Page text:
Public

external

The public zone hosts the external networks, public APIs, and floating IP addresses for the external connectivity of instances. This zone allows access from networks outside of your administrative control and is an untrusted area of the cloud infrastructure.

Guest

tenant

The guest zone hosts project networks. It is untrusted for public and private cloud providers that allow unrestricted access to instances.

Storage access

storage, storage_mgmt

The storage access zone is for storage management, monitoring and clustering, and storage traffic.

Control

ctlplane, internal_api, ipmi

The control zone also includes the undercloud, host operating system, server hardware, physical networking, and the Red Hat OpenStack Platform director control plane.

1.3. Locating security zones in Red Hat OpenStack Platform

Run the following commands to collect information on the physical configuration of your Red Hat OpenStack Platform deployment:

Procedure

  1. Log on to the undercloud, and source stackrc:

    $ source /home/stack/stackrc
  2. Run openstack subnet list to match the assigned ip networks to their associated zones:

    openstack subnet list -c Name -c Subnet
    +---------------------+------------------+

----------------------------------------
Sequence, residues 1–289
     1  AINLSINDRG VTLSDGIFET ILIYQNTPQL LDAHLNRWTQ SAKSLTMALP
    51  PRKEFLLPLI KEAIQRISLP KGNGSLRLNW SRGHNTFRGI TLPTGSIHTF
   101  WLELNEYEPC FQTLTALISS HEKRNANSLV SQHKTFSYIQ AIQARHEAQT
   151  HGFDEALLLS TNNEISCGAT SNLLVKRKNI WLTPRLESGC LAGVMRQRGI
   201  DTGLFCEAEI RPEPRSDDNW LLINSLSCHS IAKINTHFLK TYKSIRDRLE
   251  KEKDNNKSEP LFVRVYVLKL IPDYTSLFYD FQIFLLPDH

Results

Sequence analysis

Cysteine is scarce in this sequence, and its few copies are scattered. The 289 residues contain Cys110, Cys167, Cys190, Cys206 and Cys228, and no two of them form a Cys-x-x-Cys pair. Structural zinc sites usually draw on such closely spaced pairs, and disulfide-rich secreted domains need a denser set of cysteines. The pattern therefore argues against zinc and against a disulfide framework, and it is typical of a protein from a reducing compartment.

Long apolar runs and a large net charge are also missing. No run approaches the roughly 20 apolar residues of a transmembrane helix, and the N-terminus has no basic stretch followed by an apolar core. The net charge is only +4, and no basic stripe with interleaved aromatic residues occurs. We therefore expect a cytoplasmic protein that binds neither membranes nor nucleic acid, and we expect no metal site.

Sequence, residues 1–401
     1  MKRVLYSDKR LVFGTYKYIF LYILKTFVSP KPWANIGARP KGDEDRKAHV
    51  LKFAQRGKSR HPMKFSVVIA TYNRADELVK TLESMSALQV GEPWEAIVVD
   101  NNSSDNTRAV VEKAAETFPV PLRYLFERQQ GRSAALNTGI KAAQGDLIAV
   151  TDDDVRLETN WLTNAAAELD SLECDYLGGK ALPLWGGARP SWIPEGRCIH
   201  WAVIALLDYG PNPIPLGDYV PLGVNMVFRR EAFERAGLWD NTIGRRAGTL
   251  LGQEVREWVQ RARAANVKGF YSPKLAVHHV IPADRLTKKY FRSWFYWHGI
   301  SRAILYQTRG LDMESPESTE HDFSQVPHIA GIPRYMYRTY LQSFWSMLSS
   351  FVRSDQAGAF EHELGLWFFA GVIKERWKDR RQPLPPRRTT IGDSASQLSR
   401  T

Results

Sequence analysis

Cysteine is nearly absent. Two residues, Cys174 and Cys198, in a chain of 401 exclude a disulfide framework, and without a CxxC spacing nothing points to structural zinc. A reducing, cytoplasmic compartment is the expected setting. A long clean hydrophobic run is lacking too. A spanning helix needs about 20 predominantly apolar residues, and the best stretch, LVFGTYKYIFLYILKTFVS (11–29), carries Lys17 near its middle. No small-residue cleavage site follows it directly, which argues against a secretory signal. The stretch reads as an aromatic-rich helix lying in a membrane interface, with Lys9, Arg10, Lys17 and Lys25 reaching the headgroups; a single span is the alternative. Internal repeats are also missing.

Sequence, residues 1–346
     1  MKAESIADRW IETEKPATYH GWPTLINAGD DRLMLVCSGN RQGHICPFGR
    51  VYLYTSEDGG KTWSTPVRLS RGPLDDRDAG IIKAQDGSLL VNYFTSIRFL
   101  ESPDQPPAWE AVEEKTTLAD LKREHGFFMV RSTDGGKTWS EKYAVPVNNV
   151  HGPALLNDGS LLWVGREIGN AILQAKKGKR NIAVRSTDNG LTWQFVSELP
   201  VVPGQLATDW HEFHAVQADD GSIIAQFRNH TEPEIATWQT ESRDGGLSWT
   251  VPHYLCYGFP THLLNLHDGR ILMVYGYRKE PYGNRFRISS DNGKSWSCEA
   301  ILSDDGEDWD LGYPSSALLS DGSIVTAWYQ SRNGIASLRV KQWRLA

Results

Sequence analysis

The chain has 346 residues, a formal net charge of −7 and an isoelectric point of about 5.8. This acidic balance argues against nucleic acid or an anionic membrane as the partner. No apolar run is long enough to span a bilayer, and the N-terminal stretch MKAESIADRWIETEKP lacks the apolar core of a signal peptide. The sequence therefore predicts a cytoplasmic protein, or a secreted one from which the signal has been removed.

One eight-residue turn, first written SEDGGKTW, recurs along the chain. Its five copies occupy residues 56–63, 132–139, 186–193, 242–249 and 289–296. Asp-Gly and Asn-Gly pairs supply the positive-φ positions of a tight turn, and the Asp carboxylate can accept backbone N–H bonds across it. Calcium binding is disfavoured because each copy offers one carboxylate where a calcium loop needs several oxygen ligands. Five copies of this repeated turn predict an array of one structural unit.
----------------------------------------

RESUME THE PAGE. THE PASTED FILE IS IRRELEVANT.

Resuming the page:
| Name                | Subnet           |
    +---------------------+------------------+
    | ctlplane-subnet     | 192.168.101.0/24 |
    | storage_mgmt_subnet | 172.16.105.0/24  |
    | tenant_subnet       | 172.16.102.0/24  |
    | external_subnet     | 10.94.81.0/24    |
    | internal_api_subnet | 172.16.103.0/24  |
    | storage_subnet      | 172.16.104.0/24  |
    +---------------------+------------------+
  3. Run openstack server list to list the physical servers in your infrastructure:

    openstack server list -c Name -c Networks
    +-------------------------+-------------------------+
    | Name                    | Networks                |
    +-------------------------+-------------------------+
    | overcloud-controller-0  | ctlplane=192.168.101.15 |
    | overcloud-controller-1  | ctlplane=192.168.101.19 |
    | overcloud-controller-2  | ctlplane=192.168.101.14 |
    | overcloud-novacompute-0 | ctlplane=192.168.101.18 |
    | overcloud-novacompute-2 | ctlplane=192.168.101.17 |
    | overcloud-novacompute-1 | ctlplane=192.168.101.11 |